Symposium: Identifying and Managing Threats to Great Basin Greater Sage-Grouse Populations

Photo by Ken Miracle

When: Tuesday, February 7, 2017 8:30am to 5:00pm

Where: Peppermill Resort, Reno, Nevada

Host: The Wildlife Society

Register: $90 pre-registration rate/$65 pre-registration rate for students/early career professional/retirees. This event is a symposia held prior to the Western Section of The Wildlife Society 2017 Annual meeting and requires separate registration.

Click here to register!


Throughout the range of greater sage-grouse, populations have experienced declines over the last 50 years. Within the Great Basin, declines of sage-grouse are thought to be attributed to juniper expansion, altered fire regimes, conversion of sagebrush habitat to annual grasslands, and grazing by non-native ungulates. This symposium will address the effects each of these components have on sage-grouse populations with the best available science and provide recommendations for management.

Researchers will discuss how sage-grouse life history and demographic rates respond to these threats. Managers will discuss how to implement conservation actions on private, corporate,
and public lands. The goal of this symposium is to provide information regarding perceived and realized threats to greater sage-grouse populations within the Great Basin. The symposium will conclude with a moderated panel discussion with panelists Jim Sedinger, Pete Coates, Christian Hagen, and Shawn Espinosa, with the opportunity for the audience questions.


  • Gail Patriceli – How loud is too loud? The impact of gas field noise on greater sage-grouse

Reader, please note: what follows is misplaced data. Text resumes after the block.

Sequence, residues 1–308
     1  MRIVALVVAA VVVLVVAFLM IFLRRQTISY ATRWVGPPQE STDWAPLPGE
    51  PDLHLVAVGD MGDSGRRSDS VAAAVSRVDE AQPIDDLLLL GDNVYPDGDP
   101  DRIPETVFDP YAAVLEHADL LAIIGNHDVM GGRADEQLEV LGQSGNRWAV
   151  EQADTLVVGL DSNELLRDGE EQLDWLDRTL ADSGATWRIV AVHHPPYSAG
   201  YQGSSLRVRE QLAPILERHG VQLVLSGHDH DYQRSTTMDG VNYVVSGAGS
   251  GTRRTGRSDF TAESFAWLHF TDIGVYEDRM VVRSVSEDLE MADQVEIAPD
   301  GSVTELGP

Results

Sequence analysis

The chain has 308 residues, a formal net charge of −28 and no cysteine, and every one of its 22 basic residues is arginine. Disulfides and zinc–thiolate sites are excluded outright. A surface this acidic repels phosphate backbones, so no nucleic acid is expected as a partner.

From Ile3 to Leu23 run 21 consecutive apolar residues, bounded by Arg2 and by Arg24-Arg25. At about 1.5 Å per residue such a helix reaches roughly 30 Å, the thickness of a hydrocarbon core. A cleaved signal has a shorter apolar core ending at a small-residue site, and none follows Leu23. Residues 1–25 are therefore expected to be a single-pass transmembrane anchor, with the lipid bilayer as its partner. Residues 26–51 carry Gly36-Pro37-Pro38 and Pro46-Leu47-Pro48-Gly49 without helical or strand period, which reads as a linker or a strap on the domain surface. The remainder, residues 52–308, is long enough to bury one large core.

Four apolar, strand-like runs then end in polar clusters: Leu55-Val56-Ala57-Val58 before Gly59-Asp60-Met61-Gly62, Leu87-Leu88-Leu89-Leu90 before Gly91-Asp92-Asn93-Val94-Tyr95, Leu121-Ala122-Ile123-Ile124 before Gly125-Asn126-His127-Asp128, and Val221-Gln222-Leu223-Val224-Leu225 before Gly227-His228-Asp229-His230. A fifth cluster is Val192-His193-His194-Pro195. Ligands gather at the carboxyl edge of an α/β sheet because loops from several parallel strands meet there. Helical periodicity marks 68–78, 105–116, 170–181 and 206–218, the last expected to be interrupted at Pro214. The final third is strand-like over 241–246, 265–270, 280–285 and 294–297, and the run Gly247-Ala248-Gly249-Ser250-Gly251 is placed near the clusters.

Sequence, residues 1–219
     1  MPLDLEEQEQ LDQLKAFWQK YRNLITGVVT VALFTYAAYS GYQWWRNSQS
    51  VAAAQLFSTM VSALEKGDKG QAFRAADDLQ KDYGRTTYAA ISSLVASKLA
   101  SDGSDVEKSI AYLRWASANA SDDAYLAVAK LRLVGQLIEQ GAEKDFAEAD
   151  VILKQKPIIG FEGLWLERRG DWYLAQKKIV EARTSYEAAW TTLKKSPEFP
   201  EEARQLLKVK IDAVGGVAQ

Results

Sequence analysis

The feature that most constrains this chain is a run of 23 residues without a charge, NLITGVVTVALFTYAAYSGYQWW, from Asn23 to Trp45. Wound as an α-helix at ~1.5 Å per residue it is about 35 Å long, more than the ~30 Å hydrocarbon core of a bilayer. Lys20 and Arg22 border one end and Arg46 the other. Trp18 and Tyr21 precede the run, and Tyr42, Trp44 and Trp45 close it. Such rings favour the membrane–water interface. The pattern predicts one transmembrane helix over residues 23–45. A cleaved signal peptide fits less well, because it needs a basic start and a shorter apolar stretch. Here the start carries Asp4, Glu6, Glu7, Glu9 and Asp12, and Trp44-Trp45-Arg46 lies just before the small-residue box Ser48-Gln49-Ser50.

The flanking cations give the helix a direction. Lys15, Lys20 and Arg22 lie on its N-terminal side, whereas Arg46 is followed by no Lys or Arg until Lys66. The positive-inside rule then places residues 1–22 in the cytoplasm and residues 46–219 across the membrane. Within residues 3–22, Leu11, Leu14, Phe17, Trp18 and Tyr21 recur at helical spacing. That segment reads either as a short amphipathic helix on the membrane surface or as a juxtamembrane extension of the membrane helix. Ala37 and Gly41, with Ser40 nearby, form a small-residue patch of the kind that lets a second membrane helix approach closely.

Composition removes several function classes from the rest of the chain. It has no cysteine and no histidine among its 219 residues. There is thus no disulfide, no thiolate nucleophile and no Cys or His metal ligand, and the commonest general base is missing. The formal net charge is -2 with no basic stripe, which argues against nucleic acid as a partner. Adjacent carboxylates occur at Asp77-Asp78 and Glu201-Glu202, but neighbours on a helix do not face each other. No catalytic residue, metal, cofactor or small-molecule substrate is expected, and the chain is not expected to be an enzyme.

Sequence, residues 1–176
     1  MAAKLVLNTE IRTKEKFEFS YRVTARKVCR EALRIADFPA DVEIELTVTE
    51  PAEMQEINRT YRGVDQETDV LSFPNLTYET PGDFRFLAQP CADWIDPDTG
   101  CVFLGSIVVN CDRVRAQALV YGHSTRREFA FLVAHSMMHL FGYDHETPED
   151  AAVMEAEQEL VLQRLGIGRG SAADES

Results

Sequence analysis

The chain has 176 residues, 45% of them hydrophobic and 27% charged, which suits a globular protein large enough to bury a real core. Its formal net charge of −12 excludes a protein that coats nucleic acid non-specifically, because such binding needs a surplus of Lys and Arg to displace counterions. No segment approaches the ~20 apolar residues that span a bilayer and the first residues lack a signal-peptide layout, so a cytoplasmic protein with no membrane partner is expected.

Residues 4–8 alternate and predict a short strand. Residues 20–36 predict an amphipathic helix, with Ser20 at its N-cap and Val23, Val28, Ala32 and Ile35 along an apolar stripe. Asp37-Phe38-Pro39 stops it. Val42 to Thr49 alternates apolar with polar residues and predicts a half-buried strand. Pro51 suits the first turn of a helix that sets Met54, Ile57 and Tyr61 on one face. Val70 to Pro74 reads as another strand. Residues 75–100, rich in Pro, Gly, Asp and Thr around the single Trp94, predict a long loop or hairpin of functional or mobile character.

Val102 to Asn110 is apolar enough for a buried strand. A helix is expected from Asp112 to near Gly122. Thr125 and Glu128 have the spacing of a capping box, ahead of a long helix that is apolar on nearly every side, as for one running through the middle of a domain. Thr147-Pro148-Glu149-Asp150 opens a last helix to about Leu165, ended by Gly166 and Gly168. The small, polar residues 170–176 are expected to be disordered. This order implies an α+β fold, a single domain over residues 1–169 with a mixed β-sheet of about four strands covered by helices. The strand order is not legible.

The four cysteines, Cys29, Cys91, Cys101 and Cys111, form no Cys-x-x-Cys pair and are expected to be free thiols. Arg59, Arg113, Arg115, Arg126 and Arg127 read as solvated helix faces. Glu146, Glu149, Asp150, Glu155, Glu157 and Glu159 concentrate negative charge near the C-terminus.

lek trends
  • Tessa Behnke – Reproductive cost for female greater sage-grouse
  • Phillip Street – Late summer habitat as a limiting factor of fitness for greater sage-grouse
  • Kristin Kane – Using fitness landscapes and life table response experiments to predict the
    importance of local areas to regional population dynamics
  • Christian Hagen – Greater sage-grouse and the big squeeze: conservation challenges and
    opportunities in the Great Basin
  • Andrew Olsen – Improved greater sage-grouse vital rates after western juniper removal
  • Pete Coates – Using sage-grouse habitat suitability and gene flow as ecological currency in
    spatially explicit decision support tools for pinyon-juniper management
  • Mark Ricca – Linked effects of pinyon-juniper encroachment on sage-grouse movements,
    habitat selection, and fitness
  • Shawn Espinosa – The greater sage-grouse challenge: Juggling habitat conservation,
    improvement and cumulative effects of anthropogenic development
  • Jim Sedinger – Transmission line impacts on greater sage-grouse populations
  • Digger Anthony – Acute demographic response of greater sage-grouse following a mega-wildfire
  • Katie Andrle – The Nevada conservation credit system: A mechanism for achieving net
    conservation gain for greater sage-grouse habitat in Nevada
  • Thad Heater – NRCS Sage Grouse Initiative mesic & riparian meadow conservation


Learn more


The Sage Grouse Initiative is a partnership-based, science-driven effort that uses voluntary incentives to proactively conserve America’s western rangelands, wildlife, and rural way of life. This initiative is part of Working Lands For Wildlife, which is led by USDA’s Natural Resources Conservation Service.